The Arboretum was abuzz with more than bees this summer. Thousands of visitors walked the trails, admired blooming plants, watched insects flit among the flowers, and caught glimpses of wildlife. Among these visitors were youth attending outdoor educational programs—Earth Focus Day Camp, field trip tours with summer care providers, volunteer work parties, Family Nature Programs, and Grandparents University.
At Earth Focus Day Camp, children sought out monarch caterpillars, observed other insects and spiders, and touched a snake. They played games, dug their fingers in the soil, hiked to the pond and prairie, made sketches of flowers and trees, and watched barn swallows swoop in and out of nests. Above all, campers’ favorite activity is Nature Play. During this unstructured time, they catch toads, build stick structures, balance on logs, cooperate with each other, and explore the land around them. One summer camper said, “this is the best part of camp!” It shows in their faces as they enthusiastically run up to a counselor to share a bucket full of discovered items. We watch them solve problems, take risks, and build confidence.
At Grandparents University (GPU), a program run by the Wisconsin Alumni Association, grandparents and their grandchildren attend an Arboretum “course” about Restoration Ecology. They spend time in the Native Plant Garden, Curtis Prairie, and Teal Pond, learning the importance of growing native plants and preserving natural habitat. Using microscopes and hand lenses, they examine seeds and insects to learn about pollination. We even give them a fun introduction to removing invasive species. Tug-a-suckle, a management practice for removing invasive honeysuckle plants, is a cooperative tug-of-war with a rope wrapped around a bush. The goal is to pull it out of the ground, roots and all. The traditional GPU teams are grandparents versus grandkids—the grandkids usually win.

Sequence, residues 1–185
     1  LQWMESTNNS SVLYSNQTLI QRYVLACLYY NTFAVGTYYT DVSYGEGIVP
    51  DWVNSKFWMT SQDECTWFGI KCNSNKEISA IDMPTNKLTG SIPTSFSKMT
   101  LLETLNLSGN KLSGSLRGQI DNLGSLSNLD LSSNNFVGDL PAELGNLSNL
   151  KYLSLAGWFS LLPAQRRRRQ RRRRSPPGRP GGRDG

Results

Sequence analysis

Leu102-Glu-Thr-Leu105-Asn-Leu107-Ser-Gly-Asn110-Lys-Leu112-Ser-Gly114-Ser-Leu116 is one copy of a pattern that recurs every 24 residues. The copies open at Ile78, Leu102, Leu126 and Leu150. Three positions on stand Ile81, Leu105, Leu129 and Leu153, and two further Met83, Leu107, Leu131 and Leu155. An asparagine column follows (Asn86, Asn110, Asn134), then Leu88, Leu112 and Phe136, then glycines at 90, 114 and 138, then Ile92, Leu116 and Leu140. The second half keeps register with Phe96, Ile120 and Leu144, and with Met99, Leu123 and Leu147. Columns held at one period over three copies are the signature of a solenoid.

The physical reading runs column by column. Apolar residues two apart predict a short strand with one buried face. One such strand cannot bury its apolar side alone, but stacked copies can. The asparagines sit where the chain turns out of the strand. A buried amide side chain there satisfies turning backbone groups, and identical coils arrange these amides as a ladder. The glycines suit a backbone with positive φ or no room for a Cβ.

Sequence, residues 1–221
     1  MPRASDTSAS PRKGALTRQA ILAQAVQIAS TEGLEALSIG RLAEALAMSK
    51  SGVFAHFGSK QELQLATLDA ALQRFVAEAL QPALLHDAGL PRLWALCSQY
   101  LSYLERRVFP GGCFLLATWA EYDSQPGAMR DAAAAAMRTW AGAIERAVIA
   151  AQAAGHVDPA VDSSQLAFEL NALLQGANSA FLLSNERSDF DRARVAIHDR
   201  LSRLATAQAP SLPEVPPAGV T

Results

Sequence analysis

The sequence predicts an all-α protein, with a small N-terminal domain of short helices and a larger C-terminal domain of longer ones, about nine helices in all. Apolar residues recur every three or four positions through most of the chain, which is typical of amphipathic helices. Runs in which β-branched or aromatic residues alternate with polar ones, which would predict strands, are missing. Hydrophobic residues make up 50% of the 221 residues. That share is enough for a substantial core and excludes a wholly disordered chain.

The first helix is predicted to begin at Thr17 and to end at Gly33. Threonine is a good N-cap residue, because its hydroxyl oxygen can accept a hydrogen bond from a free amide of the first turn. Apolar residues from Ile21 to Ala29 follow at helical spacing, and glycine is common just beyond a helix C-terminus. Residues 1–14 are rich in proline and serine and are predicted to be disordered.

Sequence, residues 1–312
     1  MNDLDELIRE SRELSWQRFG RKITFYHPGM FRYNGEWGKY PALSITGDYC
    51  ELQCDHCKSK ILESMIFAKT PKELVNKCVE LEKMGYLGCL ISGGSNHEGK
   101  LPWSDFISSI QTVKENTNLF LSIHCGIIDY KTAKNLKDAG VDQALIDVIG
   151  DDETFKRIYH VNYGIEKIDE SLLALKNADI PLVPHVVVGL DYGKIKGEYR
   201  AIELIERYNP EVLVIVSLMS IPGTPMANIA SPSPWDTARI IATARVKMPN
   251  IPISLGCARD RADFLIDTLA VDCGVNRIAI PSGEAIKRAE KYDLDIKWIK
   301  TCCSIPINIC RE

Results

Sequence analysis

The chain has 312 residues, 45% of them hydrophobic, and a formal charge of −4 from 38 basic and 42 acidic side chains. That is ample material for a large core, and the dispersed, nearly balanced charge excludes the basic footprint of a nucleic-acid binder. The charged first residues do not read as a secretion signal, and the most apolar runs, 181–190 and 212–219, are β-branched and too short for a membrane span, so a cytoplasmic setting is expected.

We also partnered with the Lussier Community Education Center for an enriching summer program. Their elementary-school group visited the Arboretum on several Monday mornings and we hiked to the pond, watched the turtles and frogs, and caught pond critters. The children studied pollinators and observed all kinds of insects. They also learned to use binoculars. We practiced by focusing on pictures of birds, then wandered through the gardens to look for real ones. The middle schoolers visited the Arboretum for a hike to the pond and prairie, where we discussed the importance of clean water. The high school group participated in a service learning project about invasive species. They learned about different invasive plants and then helped remove them from a restoration in progress.
As summer programs wind down and children head back to school, it is satisfying to reflect on everything these young people experienced this summer. We are fortunate to be part of their growing love of nature and happy summer memories.
If you are interested in the Arboretum’s youth programming, from summer programs to school field trips to monthly family nature programs for the general public, please contact me.
—Jennifer Mitchell, Arboretum precollege and community education specialist